If you don't hold down the key and instead just press -Tab, the menu won't appear; instead you will move immediately into the next application on the list of open applications. Again, this list is organized according to the applications you have most recently used. For example, suppose you checked your email in Mail and then began working in Word. If you pressed -Tab once, you would jump back into Mail. If you pressed -Tab again, you would move back to Word because that was the application you were most recently using. Likewise, if you pressed -Tab twice in a row, you would move back to the application you were using before the most recent one. Although this might be a bit hard for me to describe, this technique enables you to easily switch among open applications by using only the keyboard.
If an application is open but the window in which you want to work is minimized, when you select that application with the -Tab shortcut, you will move into the application but any windows that are minimized will not appear. You have to click a minimized window's icon on the Dock for it to move back onto the desktop.
Unlike open applications, open documents don't automatically appear on the Dock. Document icons appear on the Dock only when you add them to the Dock manually or when you have minimized the document's window. Remember that, when you open an application's menu in the Dock, you will see a list of all the documents open in that application. You can then choose a listed document to move into it.
Just like all icons on the Dock, the names of folders, minimized windows, and documents are shown above their icons when you point to them.
When you minimize a window, by default, the window moves into the Dock using the Genie Effect, during which it is pulled down into the Dock and becomes an icon that is a thumbnail view of the window. The icon for a minimized window behaves just like icons for other items do. To open (or maximize) a minimized window, click its icon on the Dock and it is pulled back onto the desktop. You can change this so that the Scale Effect is used instead. This looks like the window is being quickly scaled down while it is placed on the Dock. Functionally, these effects do the same thing, but the Scale Effect is a bit faster, although not as impressive looking.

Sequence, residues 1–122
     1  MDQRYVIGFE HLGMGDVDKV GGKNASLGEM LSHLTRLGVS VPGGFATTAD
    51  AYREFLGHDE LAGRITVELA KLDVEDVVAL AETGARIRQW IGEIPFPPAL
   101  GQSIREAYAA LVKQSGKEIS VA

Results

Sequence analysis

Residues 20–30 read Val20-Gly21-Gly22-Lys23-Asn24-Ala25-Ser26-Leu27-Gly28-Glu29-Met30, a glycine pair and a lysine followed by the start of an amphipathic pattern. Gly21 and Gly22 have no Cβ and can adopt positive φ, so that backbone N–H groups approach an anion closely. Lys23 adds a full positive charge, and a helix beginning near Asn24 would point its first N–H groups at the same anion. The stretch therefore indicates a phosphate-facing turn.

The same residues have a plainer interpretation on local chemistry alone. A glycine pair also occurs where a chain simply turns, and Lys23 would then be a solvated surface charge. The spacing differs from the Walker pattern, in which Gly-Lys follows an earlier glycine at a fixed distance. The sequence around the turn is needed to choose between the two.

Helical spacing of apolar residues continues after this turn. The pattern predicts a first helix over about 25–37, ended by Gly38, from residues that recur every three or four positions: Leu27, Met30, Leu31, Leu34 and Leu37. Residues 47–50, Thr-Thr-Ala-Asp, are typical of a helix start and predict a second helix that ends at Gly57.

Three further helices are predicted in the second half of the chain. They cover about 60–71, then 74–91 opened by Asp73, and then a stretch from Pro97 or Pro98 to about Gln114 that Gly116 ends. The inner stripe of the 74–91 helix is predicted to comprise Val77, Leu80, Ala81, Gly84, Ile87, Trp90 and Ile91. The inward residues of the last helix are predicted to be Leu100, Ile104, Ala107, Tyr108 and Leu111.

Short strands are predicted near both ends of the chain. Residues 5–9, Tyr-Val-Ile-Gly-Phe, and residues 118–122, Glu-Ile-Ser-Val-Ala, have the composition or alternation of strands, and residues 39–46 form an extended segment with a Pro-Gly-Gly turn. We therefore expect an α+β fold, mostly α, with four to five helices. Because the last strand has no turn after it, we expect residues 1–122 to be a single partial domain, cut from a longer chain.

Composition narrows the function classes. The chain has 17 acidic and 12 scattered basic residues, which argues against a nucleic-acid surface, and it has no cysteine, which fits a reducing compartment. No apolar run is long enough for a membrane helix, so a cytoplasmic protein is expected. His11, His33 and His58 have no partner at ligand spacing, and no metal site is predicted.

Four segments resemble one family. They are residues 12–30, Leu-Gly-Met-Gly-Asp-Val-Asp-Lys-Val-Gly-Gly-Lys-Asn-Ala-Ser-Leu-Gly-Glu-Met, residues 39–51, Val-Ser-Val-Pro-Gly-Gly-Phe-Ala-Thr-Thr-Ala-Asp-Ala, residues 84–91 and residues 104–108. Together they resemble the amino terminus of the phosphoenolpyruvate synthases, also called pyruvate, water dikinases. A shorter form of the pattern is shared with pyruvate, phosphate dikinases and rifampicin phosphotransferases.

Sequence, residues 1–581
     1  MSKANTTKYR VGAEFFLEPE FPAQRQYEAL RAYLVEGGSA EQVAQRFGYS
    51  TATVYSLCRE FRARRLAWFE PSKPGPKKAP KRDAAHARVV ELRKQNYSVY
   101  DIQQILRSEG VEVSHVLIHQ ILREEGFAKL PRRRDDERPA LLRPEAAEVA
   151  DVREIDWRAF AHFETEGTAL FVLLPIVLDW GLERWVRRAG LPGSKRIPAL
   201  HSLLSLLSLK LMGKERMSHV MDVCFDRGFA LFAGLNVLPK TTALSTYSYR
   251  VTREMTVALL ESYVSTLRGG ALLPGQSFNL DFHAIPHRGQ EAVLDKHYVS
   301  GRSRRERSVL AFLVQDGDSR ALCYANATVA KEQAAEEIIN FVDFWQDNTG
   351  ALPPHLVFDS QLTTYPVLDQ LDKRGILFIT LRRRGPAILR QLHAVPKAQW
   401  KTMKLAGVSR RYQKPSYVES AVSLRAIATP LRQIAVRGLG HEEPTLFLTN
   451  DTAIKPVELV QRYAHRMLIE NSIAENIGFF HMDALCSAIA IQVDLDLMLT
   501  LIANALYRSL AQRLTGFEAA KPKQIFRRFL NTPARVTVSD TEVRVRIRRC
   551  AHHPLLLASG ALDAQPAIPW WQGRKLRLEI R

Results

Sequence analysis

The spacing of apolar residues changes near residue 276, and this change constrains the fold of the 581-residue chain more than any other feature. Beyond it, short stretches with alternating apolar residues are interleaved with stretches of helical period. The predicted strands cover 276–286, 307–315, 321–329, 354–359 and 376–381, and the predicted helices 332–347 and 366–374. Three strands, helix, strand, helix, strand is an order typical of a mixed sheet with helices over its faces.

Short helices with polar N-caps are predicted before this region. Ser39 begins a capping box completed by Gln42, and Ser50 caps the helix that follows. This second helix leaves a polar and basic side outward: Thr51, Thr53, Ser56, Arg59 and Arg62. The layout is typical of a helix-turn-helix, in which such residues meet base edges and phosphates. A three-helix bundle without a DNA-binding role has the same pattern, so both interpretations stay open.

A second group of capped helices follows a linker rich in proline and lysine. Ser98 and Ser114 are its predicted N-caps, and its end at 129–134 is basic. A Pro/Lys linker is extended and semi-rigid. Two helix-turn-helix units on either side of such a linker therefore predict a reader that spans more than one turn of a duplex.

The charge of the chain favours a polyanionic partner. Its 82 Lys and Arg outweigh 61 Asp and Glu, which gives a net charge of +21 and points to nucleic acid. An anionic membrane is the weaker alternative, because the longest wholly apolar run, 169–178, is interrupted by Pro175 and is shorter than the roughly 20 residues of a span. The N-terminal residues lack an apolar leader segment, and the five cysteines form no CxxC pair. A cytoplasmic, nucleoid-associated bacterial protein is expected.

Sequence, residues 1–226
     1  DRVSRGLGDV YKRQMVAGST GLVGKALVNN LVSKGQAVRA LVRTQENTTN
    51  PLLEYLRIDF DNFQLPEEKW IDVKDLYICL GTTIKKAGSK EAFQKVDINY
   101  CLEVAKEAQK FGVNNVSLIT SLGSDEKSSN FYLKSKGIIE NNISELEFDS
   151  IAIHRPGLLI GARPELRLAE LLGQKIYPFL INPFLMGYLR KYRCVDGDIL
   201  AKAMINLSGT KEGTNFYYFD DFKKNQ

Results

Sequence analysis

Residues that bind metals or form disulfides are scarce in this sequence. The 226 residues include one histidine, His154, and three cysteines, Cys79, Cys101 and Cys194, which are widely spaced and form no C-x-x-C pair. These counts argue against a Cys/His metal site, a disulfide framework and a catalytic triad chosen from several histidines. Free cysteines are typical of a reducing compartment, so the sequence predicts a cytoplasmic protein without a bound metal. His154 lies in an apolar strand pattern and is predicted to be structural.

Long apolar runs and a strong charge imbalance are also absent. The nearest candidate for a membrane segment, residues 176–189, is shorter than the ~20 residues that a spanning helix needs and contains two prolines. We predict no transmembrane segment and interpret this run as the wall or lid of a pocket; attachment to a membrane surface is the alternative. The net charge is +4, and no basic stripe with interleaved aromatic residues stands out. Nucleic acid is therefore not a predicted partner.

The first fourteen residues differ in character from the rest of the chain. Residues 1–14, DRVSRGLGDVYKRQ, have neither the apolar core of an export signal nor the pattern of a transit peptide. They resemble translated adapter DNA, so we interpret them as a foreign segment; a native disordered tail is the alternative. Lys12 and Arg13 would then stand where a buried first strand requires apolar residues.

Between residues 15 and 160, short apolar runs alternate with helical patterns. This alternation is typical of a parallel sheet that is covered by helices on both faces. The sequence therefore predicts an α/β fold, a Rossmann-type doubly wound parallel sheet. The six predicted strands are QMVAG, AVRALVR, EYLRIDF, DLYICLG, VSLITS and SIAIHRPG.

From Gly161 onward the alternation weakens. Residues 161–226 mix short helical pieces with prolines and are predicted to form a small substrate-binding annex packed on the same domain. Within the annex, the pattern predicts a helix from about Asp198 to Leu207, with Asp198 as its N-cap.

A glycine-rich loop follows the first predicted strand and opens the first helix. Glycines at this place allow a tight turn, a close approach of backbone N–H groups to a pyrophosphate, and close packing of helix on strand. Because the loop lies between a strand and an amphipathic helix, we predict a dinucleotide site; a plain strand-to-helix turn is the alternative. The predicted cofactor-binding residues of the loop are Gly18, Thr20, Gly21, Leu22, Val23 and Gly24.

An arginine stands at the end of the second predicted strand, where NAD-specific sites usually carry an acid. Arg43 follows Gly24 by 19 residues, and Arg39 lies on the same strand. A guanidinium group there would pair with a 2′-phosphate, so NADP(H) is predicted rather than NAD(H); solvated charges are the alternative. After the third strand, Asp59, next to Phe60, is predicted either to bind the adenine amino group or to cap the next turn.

Minimized windows are marked with the related application's icon in the lower-right corner of the Dock icon so you can easily tell from which application the windows come. For example, minimized Finder windows have the Finder icon in the lower-right corner, minimized Safari icons have the Safari icon, and so on.
You can quickly minimize an open window by pressing -M.
When you minimize an application window, it is moved onto the Dock, just like any other window. However, when you hide an application, its windows do not appear on the Dock. The hidden application's icon continues to be marked with the arrow so you know that the application is running. You can open its Dock menu to jump into one of its open documents.